So, what does this mean in terms of becoming the best version of ourselves possible? Well, it means we should consider the following:
I do quite a bit of writing on the topic of success. In addition to coaching people, I also do ghost writing for influencers. Recently, I had an interesting conversation with one influencer who told me that before he began his current career of motivational speaking, he felt like a complete fraud because he read all of the books, attended seminars, and talked the talk, but was still always dead broke.
I have a friend who focuses quite a bit on his income. To him it's a great challenge seeing how much he can increase his income from month to month and year to year. I was unaware, however, that he actually struggled financially and that for all of his apparent success, he still hadn't reached the carrot he was after. This weekend he shared an interesting insight with me regarding his pursuits. He said that he's been doing this for so long, that he'd lost track of himself, so he spent some time asking himself a few really hard questions like, Have I actually been working against myself? I asked what he meant by this and he noted that he's always fallen short of is financial goals and despite his efforts he's been typically financially strapped. Then it occurred to him that by making money his only focus, he'd set up a situation where his sense of purpose revolved around him needing to struggle. This need for financial struggle defined him...and the first sentence of this blog post testifies to that because that is how I've begun to define him. He also realized that he has let self-doubt keep him from being challenged in other ways professionally. Money seemed to be the one thing he could pursue without worrying he wasn't good enough.
The more I have worked with individuals striving for personal and professional success, the more I have realized that we all need to start with a very fundamental question: WHO ARE YOU? As children we adopt the mindset of the adults around us. This is brings both positives and negatives into our lives. For many of us, it means that in addition to getting a grasp of the world, it also means inheriting our parents doubts and fears.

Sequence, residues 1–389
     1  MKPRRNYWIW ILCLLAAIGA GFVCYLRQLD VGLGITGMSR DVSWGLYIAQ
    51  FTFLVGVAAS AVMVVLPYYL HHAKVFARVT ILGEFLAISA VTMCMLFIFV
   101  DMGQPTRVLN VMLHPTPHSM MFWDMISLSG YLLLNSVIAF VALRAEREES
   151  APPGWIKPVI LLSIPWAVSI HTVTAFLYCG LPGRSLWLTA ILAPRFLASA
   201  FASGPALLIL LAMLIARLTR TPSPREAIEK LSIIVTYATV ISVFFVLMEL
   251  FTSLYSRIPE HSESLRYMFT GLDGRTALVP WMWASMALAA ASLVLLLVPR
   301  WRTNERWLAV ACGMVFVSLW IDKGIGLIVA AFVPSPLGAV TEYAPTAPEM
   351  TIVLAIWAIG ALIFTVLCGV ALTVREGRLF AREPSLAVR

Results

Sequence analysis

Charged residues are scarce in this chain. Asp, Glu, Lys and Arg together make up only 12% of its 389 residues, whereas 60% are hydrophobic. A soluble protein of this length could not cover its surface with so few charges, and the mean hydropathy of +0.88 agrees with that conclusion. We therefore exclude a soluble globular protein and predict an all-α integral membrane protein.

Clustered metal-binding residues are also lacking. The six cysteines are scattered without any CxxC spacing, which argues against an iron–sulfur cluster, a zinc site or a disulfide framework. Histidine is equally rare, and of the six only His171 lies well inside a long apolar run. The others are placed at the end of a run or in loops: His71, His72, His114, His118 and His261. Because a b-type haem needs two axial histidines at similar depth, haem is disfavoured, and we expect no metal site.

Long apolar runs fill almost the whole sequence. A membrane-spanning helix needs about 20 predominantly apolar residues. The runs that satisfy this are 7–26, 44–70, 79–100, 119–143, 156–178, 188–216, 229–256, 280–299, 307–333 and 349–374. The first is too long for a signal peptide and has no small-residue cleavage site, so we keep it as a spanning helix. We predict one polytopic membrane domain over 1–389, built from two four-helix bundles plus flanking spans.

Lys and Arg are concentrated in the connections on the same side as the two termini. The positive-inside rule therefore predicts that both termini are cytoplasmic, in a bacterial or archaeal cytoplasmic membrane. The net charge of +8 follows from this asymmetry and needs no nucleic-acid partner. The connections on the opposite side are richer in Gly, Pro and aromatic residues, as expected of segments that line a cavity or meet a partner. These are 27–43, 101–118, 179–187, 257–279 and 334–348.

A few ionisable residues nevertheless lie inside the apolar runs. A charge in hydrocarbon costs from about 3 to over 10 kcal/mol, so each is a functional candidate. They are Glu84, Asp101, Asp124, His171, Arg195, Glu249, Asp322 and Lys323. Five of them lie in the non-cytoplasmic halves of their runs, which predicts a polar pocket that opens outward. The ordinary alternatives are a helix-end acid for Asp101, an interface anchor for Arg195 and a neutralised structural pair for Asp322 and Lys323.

How you feel about yourself plays a huge role in how you communicate. When you don't like yourself or see the world as an unfriendly place, you perceive and respond differently to others. A recent research study that was exploring whether shy people tend to be victims of bullying found a surprising result: shy people often become bullies! What the researchers found was that people who feel uncomfortable with others become disconnected and some of them become angry as a result. This anger turns into bullying in the workplace. Workplace bullies impact the whole environment and greatly disrupt the flow of communication. The funny thing is that most workplace bullies aren't even aware that THEY are the workplace bully. Many think that they are just doing what they need to do in order to get through the day. They are hurt and disconnected from others and they don't realize what they're doing.
So the solution? Always start inside of your own head first. How do you feel about yourself? Have you taken positive steps to feel good about yourself and connect with your workplace? After you've looked at yourself, start reaching out those who are a negative force in your workplace. You'd be surprised at how much you can change with just a few small steps.
Lynne M. Smelser, Ph.D. is an expert in communication. Her speciality is helping people to look internally to find barriers. Over the years she has helped companies create dynamic content and open communication channels. She also has assisted many individuals in overcoming communication anxiety and developing projects such as novels, memoirs, and ebooks.